"Mon pauvre homme! Mon pauvre homme! Ce qu'ils ont fait de toi!"
She began a breathless discourse in French. She was of the large, blond, Norman type; in the middle forties, her extremely fair hair very voluminous and noticeable. She had lived with Mark Tietjens for twenty years now, but she had always refused to speak a word of English, having an invincible scorn for both language and people of her adopted country.
Her discourse poured on. She had set the little tray with the plate of reddish-yellowish soup on a flat shelf of wood that turned out on a screw from underneath the bed; in the soup was a shining clinical thermometer that she moved and regarded from time to time, beside the plate a glass syringe, graduated. She said that Ils—They—had combined to render her soup of vegetables uneatable. They would not give her navets de Paris but round ones, like buttons; they contrived that the carrots should be pourris at their bottom ends; the leeks were of the consistency of wood. They were determined that he should not have vegetable soup because they wanted him to have meat juice. They were anthropophagi. Nothing but meat, meat, meat! That girl!...
She had always in the Gray's Inn Road had Paris turnips from Jacopo's in Old Compton Street. There was no reason why you should not grow navets de Paris in this soil. The Paris turnip was barrel-shaped, round, round, round like an adorable little pig till it turned into its funny little tail. That was a turnip to amuse you; to change and employ your thoughts. Ils—he and she—were incapable of having their thoughts changed by a turnip.
Between sentences she ejaculated from time to time:
"My poor man! What they have made of you!"
Her volubility flowed over Mark like a rush of water over a grating, only a phrase or so now and then coming to his attention. It was not unpleasant; he liked his woman. She had a cat that she made abstain from meat on Friday. In the Gray's Inn Road that had been easier, in a large room decorated with innumerable miniatures and silhouettes representing members of the Riotor family and its branches. Mme Riotor mère and Mme Riotor grand'mère too had been miniature painters, and Marie Léonie possessed some astonishingly white statuary by the distinguished sculptor Monsieur Casimir-Bar, a lifelong friend of her family who had only never been decorated because of a conspiracy. So he had a great contempt for decorations and the decorated. Marie Léonie had been accustomed to repeat the voluminous opinions of Monsieur Casimir-Bar on the subject of decorations at great length on occasion. Since he, Mark, had been honoured by his sovereign she had less frequently recited them. She admitted that the democracy of to-day had not the sterling value that had distinguished democrats of the day of her parents, so it might be better to caser oneself—to find a niche amongst those whom the State distinguished.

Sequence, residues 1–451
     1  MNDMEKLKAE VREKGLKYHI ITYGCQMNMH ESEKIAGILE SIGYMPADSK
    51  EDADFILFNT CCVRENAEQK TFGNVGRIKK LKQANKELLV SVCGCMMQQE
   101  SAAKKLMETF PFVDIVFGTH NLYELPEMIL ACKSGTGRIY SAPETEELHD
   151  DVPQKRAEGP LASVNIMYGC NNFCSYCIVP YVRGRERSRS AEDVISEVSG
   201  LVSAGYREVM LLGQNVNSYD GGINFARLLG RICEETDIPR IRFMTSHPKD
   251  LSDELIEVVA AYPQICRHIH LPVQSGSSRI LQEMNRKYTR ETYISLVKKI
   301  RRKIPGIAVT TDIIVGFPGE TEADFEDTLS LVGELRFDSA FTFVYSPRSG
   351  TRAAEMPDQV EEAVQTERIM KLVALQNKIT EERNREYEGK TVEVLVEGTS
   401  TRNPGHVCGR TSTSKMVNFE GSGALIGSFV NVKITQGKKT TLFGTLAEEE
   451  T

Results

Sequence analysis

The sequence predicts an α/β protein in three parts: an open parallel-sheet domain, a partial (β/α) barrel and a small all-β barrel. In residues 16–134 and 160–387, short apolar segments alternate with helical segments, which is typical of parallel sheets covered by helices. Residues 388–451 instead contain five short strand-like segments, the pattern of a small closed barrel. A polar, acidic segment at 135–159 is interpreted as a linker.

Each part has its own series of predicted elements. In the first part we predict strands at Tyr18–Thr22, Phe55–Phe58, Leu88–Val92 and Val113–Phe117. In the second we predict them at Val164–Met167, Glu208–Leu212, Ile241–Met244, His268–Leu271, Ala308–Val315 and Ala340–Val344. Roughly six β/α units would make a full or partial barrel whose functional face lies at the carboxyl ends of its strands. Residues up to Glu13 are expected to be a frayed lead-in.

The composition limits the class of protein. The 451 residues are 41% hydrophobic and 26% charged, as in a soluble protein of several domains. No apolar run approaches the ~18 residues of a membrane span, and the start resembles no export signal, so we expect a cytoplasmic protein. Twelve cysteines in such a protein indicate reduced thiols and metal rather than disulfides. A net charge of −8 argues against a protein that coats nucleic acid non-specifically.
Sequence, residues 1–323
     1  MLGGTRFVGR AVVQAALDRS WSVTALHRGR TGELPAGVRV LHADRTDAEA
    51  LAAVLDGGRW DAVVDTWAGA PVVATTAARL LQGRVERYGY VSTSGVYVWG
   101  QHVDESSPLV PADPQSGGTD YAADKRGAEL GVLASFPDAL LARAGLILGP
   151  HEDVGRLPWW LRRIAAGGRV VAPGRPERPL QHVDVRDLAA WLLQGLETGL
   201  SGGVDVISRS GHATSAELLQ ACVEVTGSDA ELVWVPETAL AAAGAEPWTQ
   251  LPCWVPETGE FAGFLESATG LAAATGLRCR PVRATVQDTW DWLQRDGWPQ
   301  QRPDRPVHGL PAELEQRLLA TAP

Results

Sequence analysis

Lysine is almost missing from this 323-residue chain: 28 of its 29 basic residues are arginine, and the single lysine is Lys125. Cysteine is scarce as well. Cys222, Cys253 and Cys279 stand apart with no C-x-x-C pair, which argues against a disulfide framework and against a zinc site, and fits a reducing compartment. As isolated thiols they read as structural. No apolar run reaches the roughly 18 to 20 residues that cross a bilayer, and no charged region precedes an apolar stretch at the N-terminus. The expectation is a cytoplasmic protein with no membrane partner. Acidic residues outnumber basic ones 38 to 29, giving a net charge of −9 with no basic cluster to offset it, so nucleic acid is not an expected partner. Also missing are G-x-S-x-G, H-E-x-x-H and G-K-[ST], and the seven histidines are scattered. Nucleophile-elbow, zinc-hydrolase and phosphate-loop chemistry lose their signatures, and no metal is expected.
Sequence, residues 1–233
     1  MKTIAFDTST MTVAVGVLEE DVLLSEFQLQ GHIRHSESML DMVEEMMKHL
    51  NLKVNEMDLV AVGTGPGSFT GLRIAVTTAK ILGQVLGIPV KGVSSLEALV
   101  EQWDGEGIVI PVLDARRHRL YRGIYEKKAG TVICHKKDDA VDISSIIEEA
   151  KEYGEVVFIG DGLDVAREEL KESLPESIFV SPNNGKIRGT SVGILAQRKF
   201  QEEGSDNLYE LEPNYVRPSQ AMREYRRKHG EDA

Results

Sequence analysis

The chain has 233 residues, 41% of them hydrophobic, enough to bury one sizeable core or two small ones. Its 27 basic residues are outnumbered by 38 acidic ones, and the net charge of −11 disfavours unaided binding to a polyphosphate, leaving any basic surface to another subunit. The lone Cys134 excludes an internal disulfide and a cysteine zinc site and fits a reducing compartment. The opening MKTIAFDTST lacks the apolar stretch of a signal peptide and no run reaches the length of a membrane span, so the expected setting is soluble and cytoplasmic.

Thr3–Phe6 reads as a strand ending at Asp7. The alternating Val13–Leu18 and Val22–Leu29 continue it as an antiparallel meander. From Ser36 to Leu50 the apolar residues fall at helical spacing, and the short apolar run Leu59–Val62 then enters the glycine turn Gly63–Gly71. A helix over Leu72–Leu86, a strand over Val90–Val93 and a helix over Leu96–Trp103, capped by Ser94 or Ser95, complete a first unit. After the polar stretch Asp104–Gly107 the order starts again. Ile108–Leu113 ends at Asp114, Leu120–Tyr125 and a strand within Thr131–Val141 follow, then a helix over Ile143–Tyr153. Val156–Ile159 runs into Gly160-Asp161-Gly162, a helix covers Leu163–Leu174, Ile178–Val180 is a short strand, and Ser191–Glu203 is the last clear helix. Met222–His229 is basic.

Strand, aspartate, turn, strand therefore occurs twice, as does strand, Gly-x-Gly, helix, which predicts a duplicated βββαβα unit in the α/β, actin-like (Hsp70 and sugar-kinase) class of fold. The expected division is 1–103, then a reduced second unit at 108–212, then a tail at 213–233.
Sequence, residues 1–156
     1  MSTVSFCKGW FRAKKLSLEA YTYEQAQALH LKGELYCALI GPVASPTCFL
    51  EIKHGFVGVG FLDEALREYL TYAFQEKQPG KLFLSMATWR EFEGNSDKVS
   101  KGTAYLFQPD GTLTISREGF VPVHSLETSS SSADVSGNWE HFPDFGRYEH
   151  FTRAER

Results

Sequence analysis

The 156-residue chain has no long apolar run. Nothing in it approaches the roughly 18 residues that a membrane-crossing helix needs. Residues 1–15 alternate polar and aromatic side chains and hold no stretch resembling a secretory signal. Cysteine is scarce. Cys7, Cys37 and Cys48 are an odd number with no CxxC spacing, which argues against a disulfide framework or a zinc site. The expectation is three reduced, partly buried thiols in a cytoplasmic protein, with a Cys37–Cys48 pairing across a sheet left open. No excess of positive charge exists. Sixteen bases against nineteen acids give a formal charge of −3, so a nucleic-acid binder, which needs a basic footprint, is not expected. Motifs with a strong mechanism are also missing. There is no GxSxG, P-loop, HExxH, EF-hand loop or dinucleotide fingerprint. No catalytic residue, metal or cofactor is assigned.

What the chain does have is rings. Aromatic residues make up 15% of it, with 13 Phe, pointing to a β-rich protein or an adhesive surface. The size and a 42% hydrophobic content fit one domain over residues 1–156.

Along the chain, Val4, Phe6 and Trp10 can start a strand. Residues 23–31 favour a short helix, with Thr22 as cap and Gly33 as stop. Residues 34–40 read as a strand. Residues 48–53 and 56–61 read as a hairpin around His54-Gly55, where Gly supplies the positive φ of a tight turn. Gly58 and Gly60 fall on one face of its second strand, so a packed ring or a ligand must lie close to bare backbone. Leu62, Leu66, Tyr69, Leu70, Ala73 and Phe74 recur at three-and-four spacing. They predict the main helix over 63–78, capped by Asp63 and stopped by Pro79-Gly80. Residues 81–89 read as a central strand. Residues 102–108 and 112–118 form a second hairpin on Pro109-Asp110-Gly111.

The noise of her voice, which was deep-chested and not unpleasing, went on. Mark regarded her with the ironic indulgence that you accord to a child, but indeed, when he had been still in harness, it had rested him always to come home to her as he had done every Thursday and Monday, and not infrequently on a Wednesday when there had been no racing. It had rested him to come home from a world of incompetent imbeciles and to hear this brain comment on that world. She had views on virtue, pride, downfalls, human careers, the habits of cats, fish, the clergy, diplomats, soldiers, women of easy virtue, Saint Eustachius, President Grévy, the purveyors of comestibles, custom-house officers, pharmacists, Lyons silk weavers, the keepers of boarding-houses, garotters, chocolate-manufacturers, sculptors other than M. Casimir-Bar, the lovers of married women, housemaids.... Her mind, in fact, was like a cupboard, stuffed, packed with the most incongruous materials, tools, vessels and debris. Once the door was opened you never knew what would tumble out or be followed by what. That was restful to Mark as foreign travel might have been—only he had never been abroad except when his father, before his accession to Groby, had lived in Dijon for his children's education. That was how he knew French.
Her conversation had another quality that continually amused him: she always ended it with the topic with which she had chosen to begin. Thus, to-day having chosen to begin with navets de Paris, with Paris turnips she would end, and it amused him to observe how on each occasion she would bring the topic back. She might be concluding a long comment on ironclads and have to get back suddenly to custards because the door-bell rang while her maid was out, but accomplish the transition she would before she answered the bell. Otherwise she was frugal, shrewd, astonishingly cleanly and healthy.